For our clients, we have a long list of places to which we can add citations (all discovered from what Google already indexes as a citation) and we have been collecting this list for quite some time and have hundreds of easily accessible places from which to acquire citations from. You want to develop your own swipe list of great citation spots. I will post 200 or more so common citations at the end of this post from where any business should be able to get a citation from. I’ll do this because I’m such a good guy. If you know of more great citation spots, why not add them to the comment section below and help the community.
We then drip in these citations consistently over time for our clients, often winning them the number 1 spot within the 7-Box. Don’t go slamming citations. Just like you wouldn’t hammer 1000 links at a site overnight, similar rules apply to getting citations. Think Drip, Drip, Drip.
When working with citations, one of the most important elements is consistency. Your DBA name, address, and/or phone number should never change. If you have different information, it can have the opposite effect you desire with your G-Map Listing. Even if you are thinking of using tracking phone numbers to monitor advertising/marketing efforts, I would highly recommend in this arena that you find another way to measure data if possible. There is an interesting post here about using Tracking Phone Numbers in your Local Search Marketing that would be worthwhile reading. I am a metrics fanatic too, but not having the same information about your business name, address and contact number builds distrust with Google (It would with humans too). Consistency is KEY from your citations.
The Google Maps Listings allows the public to add reviews to your listing. Right now I don’t think Google is looking at the quality of reviews, but they look at the quantity of reviews, so even receiving lots of poor reviews will improve your rankings within the 7-Box (not the obvious goal, but interesting to note).
There have been some recent speculations that Google may put more weight on Power Reviewers sometimes known as Maven Reviewers. These are individuals who have full-fledge profiles and leave lots of reviews across multiple categories of business. Just as there are power bloggers, there are power reviewers and getting a review from a power reviewer may just carry more weight. When dealing with power bloggers & reviewers, approach them the same way you’d approach Oprah. Send them a free sample and press release to entice them to leave you a review.
From my testing, loads of reviews can outrank a competitor with lots of citations. Therefore, I say that reviews hold some serious weight to your G-Maps rankings. The Google Maps will even snag reviews from other authority sites and populate them into the G-Map listings.
NOTE: This only holds true if your reviews are current. Having 200 reviews and having the last one post over a year ago will not help you anymore. Not good for the algorithm and not good for humans. Make sure you are getting constant stream of fresh reviews on your Google Maps Listing and other authority reviews sites.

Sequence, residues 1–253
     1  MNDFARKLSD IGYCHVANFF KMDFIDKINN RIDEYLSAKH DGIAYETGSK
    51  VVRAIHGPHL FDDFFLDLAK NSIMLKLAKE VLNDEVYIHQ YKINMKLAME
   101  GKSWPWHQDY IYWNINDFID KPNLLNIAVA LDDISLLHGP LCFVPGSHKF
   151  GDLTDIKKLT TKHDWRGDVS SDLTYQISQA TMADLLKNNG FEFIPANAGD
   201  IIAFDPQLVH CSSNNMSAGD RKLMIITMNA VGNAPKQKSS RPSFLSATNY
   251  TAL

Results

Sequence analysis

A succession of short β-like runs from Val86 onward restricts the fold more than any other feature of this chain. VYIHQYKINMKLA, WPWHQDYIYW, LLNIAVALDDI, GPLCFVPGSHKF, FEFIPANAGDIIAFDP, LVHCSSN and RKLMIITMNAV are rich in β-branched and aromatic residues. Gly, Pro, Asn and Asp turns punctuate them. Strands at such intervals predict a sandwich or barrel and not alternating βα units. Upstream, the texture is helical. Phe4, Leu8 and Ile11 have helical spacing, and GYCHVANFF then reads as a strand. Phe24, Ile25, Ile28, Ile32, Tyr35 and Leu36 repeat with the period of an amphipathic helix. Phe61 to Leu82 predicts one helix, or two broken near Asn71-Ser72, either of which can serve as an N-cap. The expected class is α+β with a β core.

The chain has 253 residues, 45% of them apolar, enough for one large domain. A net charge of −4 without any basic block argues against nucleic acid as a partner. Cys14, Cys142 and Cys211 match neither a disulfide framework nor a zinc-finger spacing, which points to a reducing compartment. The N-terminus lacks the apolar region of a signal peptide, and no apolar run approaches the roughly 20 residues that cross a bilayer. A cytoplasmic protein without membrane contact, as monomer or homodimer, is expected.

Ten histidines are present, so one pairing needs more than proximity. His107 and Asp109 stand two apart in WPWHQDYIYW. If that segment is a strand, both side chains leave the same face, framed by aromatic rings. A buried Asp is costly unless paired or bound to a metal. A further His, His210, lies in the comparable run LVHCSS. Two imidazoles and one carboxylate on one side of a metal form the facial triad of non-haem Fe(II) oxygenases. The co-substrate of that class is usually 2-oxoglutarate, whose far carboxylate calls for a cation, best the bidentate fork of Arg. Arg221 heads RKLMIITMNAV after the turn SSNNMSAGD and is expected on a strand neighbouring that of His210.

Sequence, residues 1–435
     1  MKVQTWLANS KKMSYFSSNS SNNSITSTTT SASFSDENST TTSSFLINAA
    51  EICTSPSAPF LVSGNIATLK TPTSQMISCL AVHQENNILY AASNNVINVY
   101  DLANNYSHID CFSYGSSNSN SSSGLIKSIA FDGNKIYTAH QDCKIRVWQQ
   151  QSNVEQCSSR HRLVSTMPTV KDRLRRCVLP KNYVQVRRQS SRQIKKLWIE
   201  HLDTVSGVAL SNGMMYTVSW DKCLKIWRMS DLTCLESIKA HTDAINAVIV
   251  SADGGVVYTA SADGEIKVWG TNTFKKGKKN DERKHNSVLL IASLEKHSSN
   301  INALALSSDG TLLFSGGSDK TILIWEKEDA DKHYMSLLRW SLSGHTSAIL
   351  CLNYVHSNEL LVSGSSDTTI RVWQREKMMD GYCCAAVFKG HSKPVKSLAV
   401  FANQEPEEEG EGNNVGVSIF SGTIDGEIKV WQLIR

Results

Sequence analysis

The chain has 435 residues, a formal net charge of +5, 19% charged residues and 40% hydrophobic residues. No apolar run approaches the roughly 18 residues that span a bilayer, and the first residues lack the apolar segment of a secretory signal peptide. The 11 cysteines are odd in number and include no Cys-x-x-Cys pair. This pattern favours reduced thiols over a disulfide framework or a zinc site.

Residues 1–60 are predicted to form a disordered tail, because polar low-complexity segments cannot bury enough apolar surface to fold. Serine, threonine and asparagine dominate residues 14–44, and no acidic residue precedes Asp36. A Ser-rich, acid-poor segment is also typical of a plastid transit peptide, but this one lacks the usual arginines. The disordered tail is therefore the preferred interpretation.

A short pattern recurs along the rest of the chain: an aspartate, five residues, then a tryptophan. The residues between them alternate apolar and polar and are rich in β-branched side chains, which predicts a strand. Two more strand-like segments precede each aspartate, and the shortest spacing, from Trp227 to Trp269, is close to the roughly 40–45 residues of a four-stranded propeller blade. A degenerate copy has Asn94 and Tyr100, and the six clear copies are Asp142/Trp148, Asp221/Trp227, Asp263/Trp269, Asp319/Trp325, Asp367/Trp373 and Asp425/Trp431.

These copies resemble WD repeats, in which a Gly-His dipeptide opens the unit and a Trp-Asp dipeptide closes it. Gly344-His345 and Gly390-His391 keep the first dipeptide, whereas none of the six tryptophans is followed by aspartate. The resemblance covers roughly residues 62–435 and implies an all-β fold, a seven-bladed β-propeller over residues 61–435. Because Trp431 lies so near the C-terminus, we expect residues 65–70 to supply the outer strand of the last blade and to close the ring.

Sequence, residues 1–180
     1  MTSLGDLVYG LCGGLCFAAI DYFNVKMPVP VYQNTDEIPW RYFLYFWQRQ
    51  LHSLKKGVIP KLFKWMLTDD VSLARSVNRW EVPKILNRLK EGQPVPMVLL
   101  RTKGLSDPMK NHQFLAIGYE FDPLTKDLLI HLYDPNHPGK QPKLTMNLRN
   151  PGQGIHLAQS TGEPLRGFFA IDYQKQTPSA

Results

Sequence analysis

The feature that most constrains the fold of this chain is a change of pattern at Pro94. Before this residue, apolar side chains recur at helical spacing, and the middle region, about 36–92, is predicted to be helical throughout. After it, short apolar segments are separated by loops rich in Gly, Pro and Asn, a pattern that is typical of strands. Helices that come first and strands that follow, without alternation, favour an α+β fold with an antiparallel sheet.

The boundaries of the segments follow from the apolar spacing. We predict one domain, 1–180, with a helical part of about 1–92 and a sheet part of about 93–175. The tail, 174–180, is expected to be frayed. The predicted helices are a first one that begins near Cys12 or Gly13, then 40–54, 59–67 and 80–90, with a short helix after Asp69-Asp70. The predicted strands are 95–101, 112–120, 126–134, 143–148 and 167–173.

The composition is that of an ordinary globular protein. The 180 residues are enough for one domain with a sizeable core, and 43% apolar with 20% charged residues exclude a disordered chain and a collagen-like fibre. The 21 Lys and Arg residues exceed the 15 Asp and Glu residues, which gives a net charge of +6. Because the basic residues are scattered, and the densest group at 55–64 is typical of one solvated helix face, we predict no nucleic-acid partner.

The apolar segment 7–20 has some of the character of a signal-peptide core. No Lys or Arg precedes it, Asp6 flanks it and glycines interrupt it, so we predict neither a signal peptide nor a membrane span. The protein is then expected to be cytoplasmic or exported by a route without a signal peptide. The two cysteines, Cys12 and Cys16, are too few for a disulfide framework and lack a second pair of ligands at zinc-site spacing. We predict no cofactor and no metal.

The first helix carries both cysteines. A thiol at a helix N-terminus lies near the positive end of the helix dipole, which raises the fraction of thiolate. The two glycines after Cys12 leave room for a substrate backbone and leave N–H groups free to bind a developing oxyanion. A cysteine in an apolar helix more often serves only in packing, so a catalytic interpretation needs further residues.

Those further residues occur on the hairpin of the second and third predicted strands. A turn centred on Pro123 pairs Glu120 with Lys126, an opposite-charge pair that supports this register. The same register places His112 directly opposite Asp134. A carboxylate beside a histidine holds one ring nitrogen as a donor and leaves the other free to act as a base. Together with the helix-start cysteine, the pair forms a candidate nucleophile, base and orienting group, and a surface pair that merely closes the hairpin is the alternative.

Some common authority review sites from which you may want to focus on getting reviews from besides Google Maps are: Yelp, JudyBook, Yellowbot, Cityvoter, Citysearch, Yellowpages, Kudzu, etc. You may also want to look at finding authority review sites that are related to your category of business like Rate MDs for Doctors and Homestars for the Home Improvement Contractors. Pay attention to what authority reviews sites Google is citing from in your niche’s industry, whatever they are citing then make sure your info is up-to-date at that site and that you are actively pursuing reviews there too.
Review management (also known as Brand Management) is a very real challenge for all businesses in today’s marketplace. Users can easily jump online and add their opinions (good or bad) to tons and tons of review sites about your business. What we recommend is that you find creative incentives to barter for reviews from your clients. On almost all of our client’s regional sites, we trade discounts/coupons for reviews in Google Maps. Getting reviews is ALL about creating a ethical bribe. We also create a video showing people how easy it is to post a review and if they do we offer BIG discount or coupon that will be mailed to them or emailed them privately after the review is verified. The strategy works great!
I’ve seen some companies who have gone as far as to hire employees with laptop computers and their sole job is to ask customers before leaving if they wouldn’t mind leaving a review on a particular a site and by doing so they receive a special gift (usually a gift card or coupon redeemable on their next visit – you want them to have an additional reason to return, don’t you…?) The point being is you need to have an active and creative way to acquire online reviews for your local business.
Our company offers another review management solution (besides the online incentives) to our customers. We use an offline to online approach to helping our clients get loads of reviews for their businesses.